HARARE – MDC president Morgan Tsvangirai has trashed chances of former Cabinet minister Nkosana Moyo — who last week announced that he will contest President Robert Mugabe in next year’s elections — saying he lacks the support needed to mount a strong challenge and win the polls.
Addressing the media in the capital yesterday after signing a memorandum of understanding (MoU) with Jacob Ngarivhume, leader of little known Transform Zimbabwe, Tsvangirai also announced that the long-mooted grand coalition would be concluded at the end of the month.
“One of the things that you have to understand is that and I have asked a lot of my colleagues in the opposition movement, when you form a party, you must ask yourself, where am I going to get the people, because at the end of the day it is the people who decide whether you are a successful politician or not.
“In this case, there is just one question you have to ask my colleague Nkosana, do you know where Mbire is? Well Mbire may be in the rural areas, but do you know where Tafara is?
“If he can answer that question, then I think we are on the same wave length,” Tsvangirai told journalists.
The veteran former trade union leader spoke as his party has promised Moyo that “we will meet in the political market” in one of the clearest indications that the MDC does not intend to work with the former Industry and International Trade minister and wants to meet him in the presidential ring, come 2018.
Moyo’s declaration that he will contest Mugabe in 2018 under the auspices of the Alliance for the People’s Agenda, has already set tongues wagging in the opposition movement with senior MDC officials such as the party’s deputy treasurer, Charlton Hwende, reacting emotionally to his presidential bid.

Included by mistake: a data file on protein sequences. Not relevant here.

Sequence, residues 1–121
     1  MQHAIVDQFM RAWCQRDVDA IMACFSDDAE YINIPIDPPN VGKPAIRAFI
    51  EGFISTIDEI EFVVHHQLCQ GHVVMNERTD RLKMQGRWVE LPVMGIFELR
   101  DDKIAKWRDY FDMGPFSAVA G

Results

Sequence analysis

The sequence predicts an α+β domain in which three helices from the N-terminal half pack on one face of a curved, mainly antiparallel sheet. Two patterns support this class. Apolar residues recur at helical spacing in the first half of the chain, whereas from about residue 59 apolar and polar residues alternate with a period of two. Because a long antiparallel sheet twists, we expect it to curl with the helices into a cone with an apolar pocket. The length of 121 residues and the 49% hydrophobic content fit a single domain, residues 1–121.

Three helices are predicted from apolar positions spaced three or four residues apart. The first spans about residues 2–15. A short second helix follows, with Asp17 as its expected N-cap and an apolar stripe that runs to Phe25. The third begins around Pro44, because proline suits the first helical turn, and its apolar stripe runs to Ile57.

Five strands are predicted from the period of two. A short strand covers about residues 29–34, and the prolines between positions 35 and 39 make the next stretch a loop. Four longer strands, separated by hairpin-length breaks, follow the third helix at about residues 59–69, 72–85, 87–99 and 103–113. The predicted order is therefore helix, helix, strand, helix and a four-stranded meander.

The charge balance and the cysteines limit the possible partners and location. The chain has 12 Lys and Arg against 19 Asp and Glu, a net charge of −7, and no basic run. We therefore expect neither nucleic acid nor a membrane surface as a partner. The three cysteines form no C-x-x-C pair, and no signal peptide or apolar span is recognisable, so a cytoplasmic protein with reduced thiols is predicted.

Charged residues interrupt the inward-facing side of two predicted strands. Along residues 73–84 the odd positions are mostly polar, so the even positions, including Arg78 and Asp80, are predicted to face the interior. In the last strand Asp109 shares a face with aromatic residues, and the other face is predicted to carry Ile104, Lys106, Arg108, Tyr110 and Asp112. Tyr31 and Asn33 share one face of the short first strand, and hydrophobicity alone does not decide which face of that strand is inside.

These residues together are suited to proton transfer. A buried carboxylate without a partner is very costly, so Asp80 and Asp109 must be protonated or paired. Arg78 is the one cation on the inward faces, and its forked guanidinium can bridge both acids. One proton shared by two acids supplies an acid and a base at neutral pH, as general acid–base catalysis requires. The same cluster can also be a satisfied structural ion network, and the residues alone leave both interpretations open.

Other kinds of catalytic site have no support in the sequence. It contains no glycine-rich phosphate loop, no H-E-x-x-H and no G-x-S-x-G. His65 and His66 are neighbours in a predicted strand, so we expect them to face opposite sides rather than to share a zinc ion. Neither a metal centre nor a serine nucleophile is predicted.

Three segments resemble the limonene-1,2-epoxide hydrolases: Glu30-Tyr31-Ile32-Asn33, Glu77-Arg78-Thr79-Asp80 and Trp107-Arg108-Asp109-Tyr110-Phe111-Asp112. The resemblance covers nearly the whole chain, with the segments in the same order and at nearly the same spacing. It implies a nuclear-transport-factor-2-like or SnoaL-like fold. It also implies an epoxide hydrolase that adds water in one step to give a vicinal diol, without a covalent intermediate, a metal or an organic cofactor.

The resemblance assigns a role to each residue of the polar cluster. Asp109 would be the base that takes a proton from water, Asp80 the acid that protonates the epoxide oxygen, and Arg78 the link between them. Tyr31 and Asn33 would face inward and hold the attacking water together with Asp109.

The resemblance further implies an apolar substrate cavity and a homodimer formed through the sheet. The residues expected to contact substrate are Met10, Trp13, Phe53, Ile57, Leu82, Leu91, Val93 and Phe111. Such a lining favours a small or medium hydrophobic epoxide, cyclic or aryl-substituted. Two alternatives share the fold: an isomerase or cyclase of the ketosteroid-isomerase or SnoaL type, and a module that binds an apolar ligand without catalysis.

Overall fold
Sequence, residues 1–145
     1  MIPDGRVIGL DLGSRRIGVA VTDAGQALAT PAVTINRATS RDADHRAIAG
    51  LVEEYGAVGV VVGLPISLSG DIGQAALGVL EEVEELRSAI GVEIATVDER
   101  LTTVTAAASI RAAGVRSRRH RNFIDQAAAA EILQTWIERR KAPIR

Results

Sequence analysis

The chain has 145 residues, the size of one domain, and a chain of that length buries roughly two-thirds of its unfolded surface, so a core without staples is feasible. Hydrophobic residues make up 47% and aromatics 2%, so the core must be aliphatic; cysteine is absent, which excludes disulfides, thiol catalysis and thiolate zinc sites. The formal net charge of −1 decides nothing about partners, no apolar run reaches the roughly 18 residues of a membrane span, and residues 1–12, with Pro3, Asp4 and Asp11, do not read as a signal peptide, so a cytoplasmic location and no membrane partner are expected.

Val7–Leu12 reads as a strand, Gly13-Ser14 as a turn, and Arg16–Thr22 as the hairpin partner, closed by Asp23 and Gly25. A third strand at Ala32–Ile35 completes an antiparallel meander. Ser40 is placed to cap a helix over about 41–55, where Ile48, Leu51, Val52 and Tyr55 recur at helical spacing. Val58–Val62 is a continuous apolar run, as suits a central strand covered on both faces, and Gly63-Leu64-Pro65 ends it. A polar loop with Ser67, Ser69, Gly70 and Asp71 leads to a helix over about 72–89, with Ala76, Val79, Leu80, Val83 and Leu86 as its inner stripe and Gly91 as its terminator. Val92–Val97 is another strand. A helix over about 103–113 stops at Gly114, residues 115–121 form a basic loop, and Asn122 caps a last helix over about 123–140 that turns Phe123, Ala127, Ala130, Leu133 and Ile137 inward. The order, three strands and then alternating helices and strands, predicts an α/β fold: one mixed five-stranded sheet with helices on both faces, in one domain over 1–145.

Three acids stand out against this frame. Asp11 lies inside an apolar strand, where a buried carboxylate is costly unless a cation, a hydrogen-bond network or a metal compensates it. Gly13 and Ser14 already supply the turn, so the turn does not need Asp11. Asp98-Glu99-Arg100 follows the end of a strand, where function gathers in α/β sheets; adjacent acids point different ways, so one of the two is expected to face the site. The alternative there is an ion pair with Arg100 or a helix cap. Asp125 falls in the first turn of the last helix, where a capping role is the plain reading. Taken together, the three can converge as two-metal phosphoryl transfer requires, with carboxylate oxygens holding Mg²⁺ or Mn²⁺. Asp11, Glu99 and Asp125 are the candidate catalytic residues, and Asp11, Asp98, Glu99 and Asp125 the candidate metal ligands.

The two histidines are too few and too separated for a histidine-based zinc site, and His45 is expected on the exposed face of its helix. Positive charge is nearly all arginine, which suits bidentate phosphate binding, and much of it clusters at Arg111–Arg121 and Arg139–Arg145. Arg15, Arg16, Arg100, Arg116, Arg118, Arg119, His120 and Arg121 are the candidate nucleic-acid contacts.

“A lot of the people now claiming to have solutions to bring change in Zimbabwe disappeared when the dictator’s brutality was at its peak. They went out of the country to make money whilst … Tsvangirai remained fighting for a better life for all.
“Now because of Mugabe’s advanced age and the improved political environment in the country, they are now back armed with properties in and outside the country and cash to hoodwink Zimbabweans to ditch Tsvangirai.
“Some even wish death to Tsvangirai but they must know that it is the toiling masses that put Tsvangirai at the helm of the democratic struggle and they will make sure he wins in 2018. That position is non negotiable, it’s born out of a covenant with the masses,” Hwende wrote on his Facebook wall.
Apart from anger, MDC supporters also say Moyo’s participation in the make-or-break elections, was likely to tilt the scale in favour of Mugabe like what happened in 2008 when Mavambo/Kusile/Dawn leader Simba Makoni participated as an independent candidate.
Makoni, a former Finance minister in Mugabe’s government, received 8,3 percent of the vote and was accused of causing a presidential run off as Tsvangirai won the first round of the election but failed to gain enough votes to defeat the Zanu PF leader, outright.
Tsvangirai yesterday gave his strongest hint that he would not countenance any other person to lead the grand coalition when he penned the MoU with Ngarivhume.